BANFF – Some highways and roads through Banff, Yoho and Kootenay national parks are closed due to extreme avalanche danger and other potential hazards from heavy rain and snow..
Highways 93 South and North were both closed for avalanche control work on Wednesday (Dec. 1) and not expected to reopen until Thursday (Dec. 2). The access road to Sunshine Village in Banff National Park was also closed so Parks Canada could do avalanche control, forcing closure of Sunshine Village ski resort until possibly Friday.
In addition, RCMP also advised motorists to expect delays with a temporary planned closure of a roughly 16-km stretch of the Trans-Canada Highway in Yoho National Park near Field in both directions on Wednesday for avalanche control work.
"Travel to B.C. on Highway 1 is still significantly impacted and highway closures due to evolving weather conditions can happen with little notice," said Corporal Tammy Keibel, media relations officer for RCMP Southern Alberta district.
The avalanche rating is extreme in the alpine and at and below treeline throughout the area following an estimated 40 cms to 100 cms of snowfall during the storm that also brought heavy rain at lower elevations on Tuesday evening (Nov. 30).
Silvio Adamo, the Town of Banff’s director of emergency management, said the municipality was informed by the dispatch centre that roads including Highway 93 South and Highway 93 North have been closed, including the access roads to Sunshine Village and Takakkaw Falls this morning for avalanche control.
“There was a significant amount of rain mixed with heavy, wet snow, and so I believe Parks Canada is assessing all of the avalanche slopes currently and are making plans to ensure that the highways are safe for travel," he said.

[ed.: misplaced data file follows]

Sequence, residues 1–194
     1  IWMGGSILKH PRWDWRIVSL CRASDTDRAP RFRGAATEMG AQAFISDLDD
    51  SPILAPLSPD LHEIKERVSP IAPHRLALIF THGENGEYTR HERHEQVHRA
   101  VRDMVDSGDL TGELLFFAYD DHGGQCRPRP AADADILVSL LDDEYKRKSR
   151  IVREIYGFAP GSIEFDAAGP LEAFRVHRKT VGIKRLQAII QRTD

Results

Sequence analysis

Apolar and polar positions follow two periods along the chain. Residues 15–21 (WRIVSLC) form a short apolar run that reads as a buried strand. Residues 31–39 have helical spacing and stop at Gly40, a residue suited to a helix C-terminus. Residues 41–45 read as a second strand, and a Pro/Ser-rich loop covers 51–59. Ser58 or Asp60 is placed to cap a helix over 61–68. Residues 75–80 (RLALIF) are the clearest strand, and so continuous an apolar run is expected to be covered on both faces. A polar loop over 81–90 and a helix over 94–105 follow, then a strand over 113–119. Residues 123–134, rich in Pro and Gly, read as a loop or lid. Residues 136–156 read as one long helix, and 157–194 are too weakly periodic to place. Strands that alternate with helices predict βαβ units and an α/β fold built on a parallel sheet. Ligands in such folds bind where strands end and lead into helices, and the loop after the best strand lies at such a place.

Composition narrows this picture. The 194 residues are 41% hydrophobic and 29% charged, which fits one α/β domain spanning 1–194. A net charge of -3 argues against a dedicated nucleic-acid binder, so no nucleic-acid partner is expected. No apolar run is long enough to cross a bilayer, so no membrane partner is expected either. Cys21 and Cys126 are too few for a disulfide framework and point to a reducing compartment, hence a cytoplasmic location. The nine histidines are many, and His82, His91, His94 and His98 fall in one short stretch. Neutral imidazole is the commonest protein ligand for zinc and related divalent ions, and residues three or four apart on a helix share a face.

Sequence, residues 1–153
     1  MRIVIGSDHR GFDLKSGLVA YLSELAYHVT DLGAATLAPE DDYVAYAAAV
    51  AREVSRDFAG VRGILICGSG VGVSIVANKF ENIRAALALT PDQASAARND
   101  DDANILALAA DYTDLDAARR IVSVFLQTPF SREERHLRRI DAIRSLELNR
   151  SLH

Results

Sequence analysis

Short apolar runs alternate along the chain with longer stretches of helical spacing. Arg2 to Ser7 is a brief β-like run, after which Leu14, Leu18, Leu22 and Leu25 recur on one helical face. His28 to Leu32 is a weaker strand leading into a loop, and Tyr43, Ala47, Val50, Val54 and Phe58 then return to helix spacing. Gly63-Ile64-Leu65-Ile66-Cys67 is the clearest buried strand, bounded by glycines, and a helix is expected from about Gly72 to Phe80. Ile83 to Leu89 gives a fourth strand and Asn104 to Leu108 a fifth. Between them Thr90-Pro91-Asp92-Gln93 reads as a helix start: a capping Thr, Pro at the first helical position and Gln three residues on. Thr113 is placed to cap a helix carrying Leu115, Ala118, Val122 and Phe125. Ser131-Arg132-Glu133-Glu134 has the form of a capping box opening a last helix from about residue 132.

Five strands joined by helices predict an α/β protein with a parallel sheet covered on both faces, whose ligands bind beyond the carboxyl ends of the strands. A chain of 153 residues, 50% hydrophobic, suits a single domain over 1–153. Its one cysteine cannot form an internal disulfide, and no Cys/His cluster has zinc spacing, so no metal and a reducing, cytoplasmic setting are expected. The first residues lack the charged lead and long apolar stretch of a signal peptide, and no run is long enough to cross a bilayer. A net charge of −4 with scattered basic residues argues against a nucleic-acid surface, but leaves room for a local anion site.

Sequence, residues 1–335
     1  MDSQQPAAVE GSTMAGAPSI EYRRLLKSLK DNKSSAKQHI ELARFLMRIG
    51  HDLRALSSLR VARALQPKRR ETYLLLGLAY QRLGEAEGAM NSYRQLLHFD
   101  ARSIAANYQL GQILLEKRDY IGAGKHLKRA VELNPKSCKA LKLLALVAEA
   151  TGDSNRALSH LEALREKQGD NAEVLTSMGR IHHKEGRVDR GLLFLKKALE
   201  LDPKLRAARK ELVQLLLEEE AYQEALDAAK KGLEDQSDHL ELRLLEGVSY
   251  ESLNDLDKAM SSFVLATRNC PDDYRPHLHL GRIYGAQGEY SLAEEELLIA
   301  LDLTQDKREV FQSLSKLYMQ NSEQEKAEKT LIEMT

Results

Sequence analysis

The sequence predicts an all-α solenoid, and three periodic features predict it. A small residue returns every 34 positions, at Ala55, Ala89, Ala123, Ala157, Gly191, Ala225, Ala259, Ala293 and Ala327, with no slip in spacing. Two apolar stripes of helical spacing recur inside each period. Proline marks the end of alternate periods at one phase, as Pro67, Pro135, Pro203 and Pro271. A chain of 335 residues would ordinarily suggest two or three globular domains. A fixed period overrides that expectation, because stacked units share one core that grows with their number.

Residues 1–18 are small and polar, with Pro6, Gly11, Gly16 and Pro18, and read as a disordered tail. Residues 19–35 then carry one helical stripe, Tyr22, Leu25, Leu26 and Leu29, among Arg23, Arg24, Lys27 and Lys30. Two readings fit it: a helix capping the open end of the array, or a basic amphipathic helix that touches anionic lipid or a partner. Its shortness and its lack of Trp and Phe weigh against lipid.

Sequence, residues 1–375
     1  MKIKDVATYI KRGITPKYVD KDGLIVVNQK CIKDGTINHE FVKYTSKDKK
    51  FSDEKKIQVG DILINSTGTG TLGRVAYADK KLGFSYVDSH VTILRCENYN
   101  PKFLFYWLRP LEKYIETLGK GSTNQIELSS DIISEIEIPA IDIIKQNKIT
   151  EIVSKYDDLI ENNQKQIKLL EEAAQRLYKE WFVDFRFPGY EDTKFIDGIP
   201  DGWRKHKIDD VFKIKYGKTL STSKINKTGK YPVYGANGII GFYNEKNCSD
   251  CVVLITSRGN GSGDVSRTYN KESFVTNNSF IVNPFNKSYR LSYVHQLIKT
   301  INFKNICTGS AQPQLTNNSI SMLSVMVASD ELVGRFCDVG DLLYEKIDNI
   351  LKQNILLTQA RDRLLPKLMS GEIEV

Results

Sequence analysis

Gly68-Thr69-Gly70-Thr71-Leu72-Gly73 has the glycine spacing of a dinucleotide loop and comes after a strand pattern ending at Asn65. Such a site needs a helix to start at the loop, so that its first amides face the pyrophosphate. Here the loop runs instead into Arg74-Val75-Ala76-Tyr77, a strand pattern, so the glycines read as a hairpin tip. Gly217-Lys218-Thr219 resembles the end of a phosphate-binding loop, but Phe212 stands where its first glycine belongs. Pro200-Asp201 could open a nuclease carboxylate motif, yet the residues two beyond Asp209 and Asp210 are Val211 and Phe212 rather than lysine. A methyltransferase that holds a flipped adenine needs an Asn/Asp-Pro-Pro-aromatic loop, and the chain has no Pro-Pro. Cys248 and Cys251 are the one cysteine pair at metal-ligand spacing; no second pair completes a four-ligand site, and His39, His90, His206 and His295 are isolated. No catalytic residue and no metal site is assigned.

The Trans-Canada Highway east of Golden, which has been closed for construction in Kicking Horse Pass, reopened Wednesday. Vehicles had diverted through Kootenay National Park on Highway 93 South and then Highway 95 from Radium to Golden and vice-versa.
Adamo said the Town of Banff will continue to get updated information from Parks Canada.
“We’ll continue to get information from Parks Canada and their highway crews to see how things are proceeding through the day," he said. "They are only anticipating a 24-hour closure at this time, but obviously, circumstances can change.”
According to Parks Canada’s avalanche bulletin issued just after 6 p.m. on Nov. 30, a significant storm would push avalanche danger ratings to extreme in the alpine, at treeline and below treeline on Wednesday.
“It will be best to enjoy the ski hills and avoid all avalanche terrain,” states the bulletin.
The first problem contributing to the avalanche hazard is the storm is expected to bring anywhere from 40 to 100 cms of new snow and strong winds, which will create storm slabs at all elevations.
The second concern is associated with a significant new snow load, meaning larger and more frequent avalanches are expected to occur on the basal crust and facets.
“These avalanches have potential to run a full path,” according to the bulletin.
“Be aware of the potential for full depth avalanches due to deeply buried week layers.”
The significant snowstorm will also create widespread loose snow slides at all elevations.
Rain and warm temperatures below 2,000 metres have the potential to create loose moist avalanches as well.
“Use extra caution on slopes if the snow is moist or wet,” advises Parks Canada. “Be careful of loose dry sluffing in steep, confined or exposed terrain.”
By Thursday, the avalanche forecast drops from extreme to high in the alpine and at treeline and considerable below treeline. On Friday, the forecast notes considerable avalanche hazard in the alpine and moderate at and below treeline.
On Tuesday night, Environment Canada issued a wind warning for an area that included Canmore, Exshaw and Kananaskis Country with strong, damaging westerly winds with gusts up to 110 km/h.
The howling winds tapered off Wednesday morning.